Released back in 2005, Sly Moves by Sylvester Stallone inspired me to lift weights, hit up GNC for supplements, and get healthy. Nearly 20 years later, I decided to revisit this book, this time as an audiobook. How does it hold up? Read on for my thoughts.
I bought Sly Moves in 2005, when it was released, because I’m a big Stallone fan, and I love Rocky. I’m from Philadelphia, and I’m Italian; how could I not be a fan of Sly and the iconic characters and movies he made famous? To this day, I think he’s a massively underappreciated talent, and he’s still one of my favorite actors.
My first internship was with the City of Philadelphia, and one of the events I worked on was the unveiling of the Rocky statue at the foot of the “Rocky Stairs” at the Philadelphia Museum of Art. I was standing behind the statue when they pulled the cover off of it to the thunderous applause of those in attendance. I had the chance to briefly introduce myself to Sly and say, “Hello.” Had I been as bold as I am now, I would have gotten a photo with him. But I was younger then and a bit starstruck. Regardless, I was thrilled to be a part of history.
But back to Sly Moves. Around the time this book was released, Stallone announced that he had a line of supplements and health products, Instone, available exclusively at GNC. One of those products was his protein pudding, which tasted fabulous. It’s arguably the greatest tasting pudding alternative I’ve ever had; just fantastic! I was also a big fan of LeanFire, which was essentially Sly’s version of GNC’s Mega Men Energy & Metabolism because it used thermogenics to fire up the metabolism. Yet again, I digress. Below is the publisher’s summary, as well as my thoughts on the book.
Are you ready to be a contender? Sly’s action-oriented program for getting fit and eating right is a revealing portrait of one of Hollywood’s biggest slaves
Sly Moves – part candid autobiography, part nuts-and-bolts training manual, part motivational handbook – is a refreshingly sensible guide to getting immediate results that last a lifetime. It’s also a provocative inside look at the trials of a body-conscious star rising in the most image-conscious industry in the world.
The truth is, Sly’s personal battle to stay in shape has been as tough as any fight he’s waged on screen. The book begins with a very personal history of Sylvester Stallone’s famous physique, as the Rocky star shares never-before-told stories about his being bullied as a child, finding comfort and strength in the gym, and then later, the wild ride of fad diets, crash-training regimens and workout disasters that fringed on obsession. Sly knows what works and what definitely doesn’t, and these experiences formed Sly’s unique fitness and nutrition plan. Part 2 consists of Sly’s program for getting physically fit without sacrificing life’s other pleasures. All he requires is three hours a week – that’s all Sly needs – for a total body workout, an engaging regimen involving all the major muscle groups and aerobic fitness. The step-by-step program includes four different levels of exercise: classic, advanced, women’s, and for those who dare, The Sly Challenge, a hardcore session pushing it to the max.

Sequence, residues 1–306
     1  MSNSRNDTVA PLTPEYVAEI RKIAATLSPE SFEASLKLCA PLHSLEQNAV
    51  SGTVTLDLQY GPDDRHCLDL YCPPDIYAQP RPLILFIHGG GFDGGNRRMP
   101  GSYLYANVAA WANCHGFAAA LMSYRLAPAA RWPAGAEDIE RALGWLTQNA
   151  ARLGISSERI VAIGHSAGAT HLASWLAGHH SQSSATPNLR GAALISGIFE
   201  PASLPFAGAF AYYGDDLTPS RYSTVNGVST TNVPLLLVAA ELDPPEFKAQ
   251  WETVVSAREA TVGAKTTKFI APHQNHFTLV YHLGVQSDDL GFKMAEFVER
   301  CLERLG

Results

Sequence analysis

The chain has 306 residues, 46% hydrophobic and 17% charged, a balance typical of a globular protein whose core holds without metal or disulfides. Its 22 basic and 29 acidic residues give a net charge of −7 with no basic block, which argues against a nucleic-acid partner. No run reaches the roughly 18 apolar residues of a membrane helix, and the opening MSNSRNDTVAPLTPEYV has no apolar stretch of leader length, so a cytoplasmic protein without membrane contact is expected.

Sly has tried every diet imaginable and so in the Sly Moves nutrition plan he highlights a unique meal plan for a lifetime of good eating. He offers his unique perspective on what works and what doesn’t and offers an alternative for health-conscious readers who want great-tasting satisfying food that can become a way of life. The section Gonna Fly Now inspires and encourages listeners to make Sly Moves part of a long-term picture of health, fitness and well-being. This motivational section includes separate chapters on everything from setting and keeping goals to relaxation techniques to lessons learned from his reality-based boxing show The Contender.
Sly Moves is a good book, but it’s flawed. For example, Sly talks about how there’s no replacement for lifting weights. How about pushups, crunches, squats, and other exercises that use isometrics and your body weight to build and refine muscle? He also spends quite a bit of time criticizing the Atkins diet and other low-carb approaches to eating, even though he admits to having done them. Stallone’s excuses for why Atkins and other low-carb approaches don’t work are based on debunked myths about protein, fiber, saturated fat, and more. It’s hard to take him seriously on this topic because of how woefully misinformed he is.
The best part of the book is the beginning because that’s when we hear about how Sly prepared his body for several of his most iconic movies. I found this interesting, as it provided me with a glimpse into his mindset and how it changed over time. Hearing that he realized working out only three to four hours a week is sufficient was refreshing. While he may not have the soundest advice on diet and nutrition, Stallone clearly learned the hard way that working out endlessly doesn’t yield the best results.
The audiobook version of Sly Moves is well narrated (not by Sly) and concise. However, it’s missing the workouts, recipes, and other items that are included in the hardback version of the book and the audio CD version. Why didn’t they simply create a PDF containing this information to accompany the digital audiobook? The publisher is HarperAudio, so you’d think they’d know better. I guess not.
Overall, Sly Moves is a fun listen. Just don’t take everything he says as the gospel truth. Hearing the stories about working on movies and his path to developing an efficient fitness routine was great. But listening to Stallone’s antiquated thoughts on weightlifting, diet, and nutrition made me cringe. While I may not agree with everything posited in this book, my admiration and respect for Sylvester Stallone has not been diminished.
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